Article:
Ezra Klein’s Confusion Over “Rationing”
Ronald Baily at Reason does a good job debunking the common misunderstanding, as expressed by Ezra Klein, that the market “rations” our choices by making things too expensive. (Klein: “We ration. We ration without discussion, remorse or concern. We ration health care the way we ration other goods: We make it too expensive for everyone to afford.”)
Klein evidently thinks that market outcomes that he dislikes mean that government should step in and impose outcomes that he does like. . . .
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. . . “In truth, rationing is an inescapable part of economic life. It is the process of allocating scarce resources.” The crucial question that Leonhardt [and Klein] misses is that “rationing” depends on who is allocating the scarce resources. It’s not rationing if an individual decides to spend his money on a 16-ounce steak—but it is rationing if he can only purchase a USDA prime rib eye when he has a coupon issued from a government agency. In other words, true rationing occurs when individuals are forbidden from spending their money on products or services they want to buy.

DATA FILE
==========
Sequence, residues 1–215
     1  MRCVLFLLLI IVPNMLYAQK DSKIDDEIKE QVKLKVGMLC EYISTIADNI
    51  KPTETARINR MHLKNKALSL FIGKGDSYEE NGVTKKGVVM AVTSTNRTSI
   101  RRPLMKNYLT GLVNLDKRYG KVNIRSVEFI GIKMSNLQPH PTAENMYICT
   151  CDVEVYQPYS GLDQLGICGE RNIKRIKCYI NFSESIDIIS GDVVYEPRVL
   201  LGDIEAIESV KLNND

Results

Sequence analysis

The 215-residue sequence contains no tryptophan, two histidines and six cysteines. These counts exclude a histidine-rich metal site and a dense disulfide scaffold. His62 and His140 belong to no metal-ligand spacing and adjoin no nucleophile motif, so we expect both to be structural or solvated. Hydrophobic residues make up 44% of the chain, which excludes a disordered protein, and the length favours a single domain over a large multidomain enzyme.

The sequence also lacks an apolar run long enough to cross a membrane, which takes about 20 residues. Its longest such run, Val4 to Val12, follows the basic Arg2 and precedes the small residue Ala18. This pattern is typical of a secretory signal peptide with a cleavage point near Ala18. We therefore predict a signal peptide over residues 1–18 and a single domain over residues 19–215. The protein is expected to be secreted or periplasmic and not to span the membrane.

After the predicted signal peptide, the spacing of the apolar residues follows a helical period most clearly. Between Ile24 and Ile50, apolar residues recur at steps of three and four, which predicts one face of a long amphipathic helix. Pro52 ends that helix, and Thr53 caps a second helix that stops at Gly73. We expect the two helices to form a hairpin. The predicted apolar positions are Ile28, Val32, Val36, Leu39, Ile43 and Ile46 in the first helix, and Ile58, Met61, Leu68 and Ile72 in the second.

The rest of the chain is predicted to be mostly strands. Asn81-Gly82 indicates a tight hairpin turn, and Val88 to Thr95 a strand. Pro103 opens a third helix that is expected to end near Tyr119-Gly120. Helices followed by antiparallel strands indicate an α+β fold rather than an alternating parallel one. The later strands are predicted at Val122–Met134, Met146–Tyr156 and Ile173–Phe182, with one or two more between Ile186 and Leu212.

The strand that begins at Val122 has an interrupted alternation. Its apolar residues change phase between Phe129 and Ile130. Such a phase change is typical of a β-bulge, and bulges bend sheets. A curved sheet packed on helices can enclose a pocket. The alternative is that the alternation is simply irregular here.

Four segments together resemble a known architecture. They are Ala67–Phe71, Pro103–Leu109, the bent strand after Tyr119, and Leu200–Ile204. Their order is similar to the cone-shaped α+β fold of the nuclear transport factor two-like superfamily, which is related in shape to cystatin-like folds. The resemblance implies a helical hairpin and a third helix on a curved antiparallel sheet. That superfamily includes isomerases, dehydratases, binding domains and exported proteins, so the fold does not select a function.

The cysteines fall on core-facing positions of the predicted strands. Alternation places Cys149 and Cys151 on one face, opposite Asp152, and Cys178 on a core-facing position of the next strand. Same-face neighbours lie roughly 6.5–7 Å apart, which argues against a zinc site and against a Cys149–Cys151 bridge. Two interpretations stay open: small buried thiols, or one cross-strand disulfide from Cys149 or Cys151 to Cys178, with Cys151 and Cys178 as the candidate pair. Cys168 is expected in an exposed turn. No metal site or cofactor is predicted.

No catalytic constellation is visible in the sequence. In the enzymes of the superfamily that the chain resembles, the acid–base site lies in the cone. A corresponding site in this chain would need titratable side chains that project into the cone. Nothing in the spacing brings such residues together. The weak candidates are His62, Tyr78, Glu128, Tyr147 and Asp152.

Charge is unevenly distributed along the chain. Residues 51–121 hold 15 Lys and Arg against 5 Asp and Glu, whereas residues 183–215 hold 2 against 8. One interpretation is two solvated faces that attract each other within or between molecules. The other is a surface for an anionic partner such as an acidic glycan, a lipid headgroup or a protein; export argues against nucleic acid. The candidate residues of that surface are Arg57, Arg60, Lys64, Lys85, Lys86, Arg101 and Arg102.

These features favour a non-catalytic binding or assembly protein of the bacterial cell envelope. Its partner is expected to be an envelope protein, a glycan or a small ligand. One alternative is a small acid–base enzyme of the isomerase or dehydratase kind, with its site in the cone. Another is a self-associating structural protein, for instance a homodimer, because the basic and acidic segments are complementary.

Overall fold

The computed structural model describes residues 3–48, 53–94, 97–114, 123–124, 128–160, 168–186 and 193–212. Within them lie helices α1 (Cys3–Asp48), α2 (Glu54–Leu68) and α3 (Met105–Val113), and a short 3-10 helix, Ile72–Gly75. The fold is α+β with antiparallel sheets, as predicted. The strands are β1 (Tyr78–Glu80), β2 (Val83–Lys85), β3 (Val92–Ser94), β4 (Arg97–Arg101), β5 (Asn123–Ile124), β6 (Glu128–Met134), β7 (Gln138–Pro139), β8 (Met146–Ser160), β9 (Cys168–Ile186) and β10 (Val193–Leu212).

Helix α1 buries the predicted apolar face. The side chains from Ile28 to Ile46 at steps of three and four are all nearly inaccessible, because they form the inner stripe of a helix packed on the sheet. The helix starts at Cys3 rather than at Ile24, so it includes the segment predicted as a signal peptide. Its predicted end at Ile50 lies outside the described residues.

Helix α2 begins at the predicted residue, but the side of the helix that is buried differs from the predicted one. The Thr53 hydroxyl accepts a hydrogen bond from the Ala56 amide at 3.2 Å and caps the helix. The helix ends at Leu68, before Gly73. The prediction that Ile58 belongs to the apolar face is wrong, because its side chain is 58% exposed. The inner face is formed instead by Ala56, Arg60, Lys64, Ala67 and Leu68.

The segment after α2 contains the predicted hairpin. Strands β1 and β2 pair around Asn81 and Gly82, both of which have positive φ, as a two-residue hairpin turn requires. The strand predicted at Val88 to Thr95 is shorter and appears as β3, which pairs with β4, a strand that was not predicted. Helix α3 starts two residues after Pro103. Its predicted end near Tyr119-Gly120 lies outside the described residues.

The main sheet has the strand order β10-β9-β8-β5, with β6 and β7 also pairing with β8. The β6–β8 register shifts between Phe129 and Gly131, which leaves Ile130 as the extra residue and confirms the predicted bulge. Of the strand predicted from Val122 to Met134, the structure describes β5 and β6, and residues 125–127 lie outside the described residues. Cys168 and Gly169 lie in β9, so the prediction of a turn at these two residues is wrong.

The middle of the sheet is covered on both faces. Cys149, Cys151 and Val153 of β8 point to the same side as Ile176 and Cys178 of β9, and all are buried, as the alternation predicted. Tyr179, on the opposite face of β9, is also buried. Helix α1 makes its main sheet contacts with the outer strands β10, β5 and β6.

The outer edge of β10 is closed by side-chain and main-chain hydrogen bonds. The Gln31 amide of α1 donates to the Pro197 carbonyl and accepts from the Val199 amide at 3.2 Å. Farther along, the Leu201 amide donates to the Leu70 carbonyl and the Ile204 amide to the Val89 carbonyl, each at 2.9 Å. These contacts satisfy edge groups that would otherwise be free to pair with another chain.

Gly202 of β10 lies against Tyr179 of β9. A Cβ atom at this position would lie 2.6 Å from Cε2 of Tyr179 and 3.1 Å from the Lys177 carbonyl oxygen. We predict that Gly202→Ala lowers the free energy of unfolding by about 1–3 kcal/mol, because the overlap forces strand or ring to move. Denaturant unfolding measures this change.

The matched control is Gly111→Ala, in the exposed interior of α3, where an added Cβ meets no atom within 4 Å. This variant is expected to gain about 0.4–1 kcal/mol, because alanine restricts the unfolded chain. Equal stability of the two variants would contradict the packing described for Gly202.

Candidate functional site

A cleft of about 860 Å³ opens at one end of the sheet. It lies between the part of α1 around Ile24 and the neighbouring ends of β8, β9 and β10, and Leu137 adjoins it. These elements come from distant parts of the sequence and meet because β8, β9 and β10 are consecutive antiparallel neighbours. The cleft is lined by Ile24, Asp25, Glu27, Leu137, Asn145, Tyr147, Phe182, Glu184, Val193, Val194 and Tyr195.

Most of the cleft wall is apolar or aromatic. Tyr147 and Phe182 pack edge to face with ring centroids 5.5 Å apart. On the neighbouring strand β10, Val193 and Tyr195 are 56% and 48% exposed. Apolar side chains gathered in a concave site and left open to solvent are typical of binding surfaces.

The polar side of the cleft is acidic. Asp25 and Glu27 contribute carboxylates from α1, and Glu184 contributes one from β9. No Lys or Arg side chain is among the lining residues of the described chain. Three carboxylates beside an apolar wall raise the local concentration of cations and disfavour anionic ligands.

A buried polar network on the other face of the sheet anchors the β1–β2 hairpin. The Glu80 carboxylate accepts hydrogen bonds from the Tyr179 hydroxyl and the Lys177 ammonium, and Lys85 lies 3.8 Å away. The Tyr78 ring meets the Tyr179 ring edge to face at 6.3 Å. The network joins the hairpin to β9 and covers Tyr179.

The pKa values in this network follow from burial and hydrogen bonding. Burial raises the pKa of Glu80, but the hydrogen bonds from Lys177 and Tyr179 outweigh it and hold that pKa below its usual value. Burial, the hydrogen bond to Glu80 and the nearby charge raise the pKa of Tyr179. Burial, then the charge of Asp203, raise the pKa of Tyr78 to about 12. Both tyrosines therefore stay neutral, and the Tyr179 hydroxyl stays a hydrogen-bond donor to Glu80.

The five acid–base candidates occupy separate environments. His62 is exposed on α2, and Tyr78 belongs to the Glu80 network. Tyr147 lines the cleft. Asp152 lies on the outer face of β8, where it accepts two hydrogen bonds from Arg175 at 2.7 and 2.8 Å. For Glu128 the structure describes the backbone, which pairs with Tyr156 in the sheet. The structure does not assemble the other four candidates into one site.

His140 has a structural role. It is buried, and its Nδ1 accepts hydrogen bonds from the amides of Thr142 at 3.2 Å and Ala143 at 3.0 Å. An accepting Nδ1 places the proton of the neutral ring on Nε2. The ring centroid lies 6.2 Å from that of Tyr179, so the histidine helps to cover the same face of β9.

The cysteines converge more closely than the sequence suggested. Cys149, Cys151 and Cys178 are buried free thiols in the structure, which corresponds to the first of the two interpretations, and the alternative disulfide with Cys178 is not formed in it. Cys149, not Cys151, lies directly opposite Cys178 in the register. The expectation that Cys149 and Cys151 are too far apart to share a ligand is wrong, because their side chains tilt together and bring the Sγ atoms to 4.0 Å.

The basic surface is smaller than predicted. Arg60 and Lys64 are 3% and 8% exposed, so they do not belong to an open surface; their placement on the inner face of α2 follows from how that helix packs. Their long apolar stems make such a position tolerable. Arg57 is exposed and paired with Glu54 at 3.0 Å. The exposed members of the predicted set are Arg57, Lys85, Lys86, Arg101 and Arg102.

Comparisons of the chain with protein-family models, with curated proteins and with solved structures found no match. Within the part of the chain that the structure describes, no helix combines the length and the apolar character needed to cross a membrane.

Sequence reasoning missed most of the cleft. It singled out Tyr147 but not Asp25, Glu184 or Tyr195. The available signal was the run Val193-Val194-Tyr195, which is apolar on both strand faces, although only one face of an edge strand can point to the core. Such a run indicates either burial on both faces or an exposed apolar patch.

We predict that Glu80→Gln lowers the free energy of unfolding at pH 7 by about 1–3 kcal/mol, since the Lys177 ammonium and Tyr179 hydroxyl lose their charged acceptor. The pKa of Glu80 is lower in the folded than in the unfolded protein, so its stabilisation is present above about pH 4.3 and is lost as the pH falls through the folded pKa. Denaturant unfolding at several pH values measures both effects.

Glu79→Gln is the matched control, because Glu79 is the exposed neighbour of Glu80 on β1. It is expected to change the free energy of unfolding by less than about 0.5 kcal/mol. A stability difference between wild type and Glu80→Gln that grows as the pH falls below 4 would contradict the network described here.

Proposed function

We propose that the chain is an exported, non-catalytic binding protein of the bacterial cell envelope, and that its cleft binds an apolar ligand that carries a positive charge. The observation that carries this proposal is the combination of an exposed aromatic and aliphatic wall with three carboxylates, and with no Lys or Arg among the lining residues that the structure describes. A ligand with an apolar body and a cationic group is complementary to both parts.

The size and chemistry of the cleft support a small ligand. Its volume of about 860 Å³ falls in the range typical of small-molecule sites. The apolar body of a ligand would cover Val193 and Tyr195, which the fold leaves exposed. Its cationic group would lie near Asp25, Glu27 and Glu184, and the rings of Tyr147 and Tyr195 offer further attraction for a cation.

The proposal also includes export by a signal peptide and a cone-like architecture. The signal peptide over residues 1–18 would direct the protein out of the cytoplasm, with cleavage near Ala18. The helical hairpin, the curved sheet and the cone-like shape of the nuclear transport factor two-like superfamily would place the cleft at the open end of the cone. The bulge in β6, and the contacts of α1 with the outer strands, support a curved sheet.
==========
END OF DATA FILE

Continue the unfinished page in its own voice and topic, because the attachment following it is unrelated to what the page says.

Or, if you prefer, a commenter posted this shorter version of an equally appropriate response: “Ezra Klein is a self-refuting argument.”
The article also references Charles Krauthammer’s explanation of why the health insurance industry is absolutely giddy with anticipation of Obamacare:
What’s not to like? If you have insurance, you’ll never lose it. Nor will your children ever be denied coverage for preexisting conditions.
The regulated insurance companies will get two things in return. Government will impose an individual mandate that will force the purchase of health insurance on the millions of healthy young people who today forgo it. And government will subsidize all the others who are too poor to buy health insurance. The result? Two enormous new revenue streams created by government for the insurance companies.
And here’s what makes it so politically seductive: The end result is the liberal dream of universal and guaranteed coverage — but without overt nationalization. It is all done through private insurance companies. Ostensibly private. They will, in reality, have been turned into government utilities. No longer able to control whom they can enroll, whom they can drop and how much they can limit their own liability, they will live off government largess — subsidized premiums from the poor; forced premiums from the young and healthy.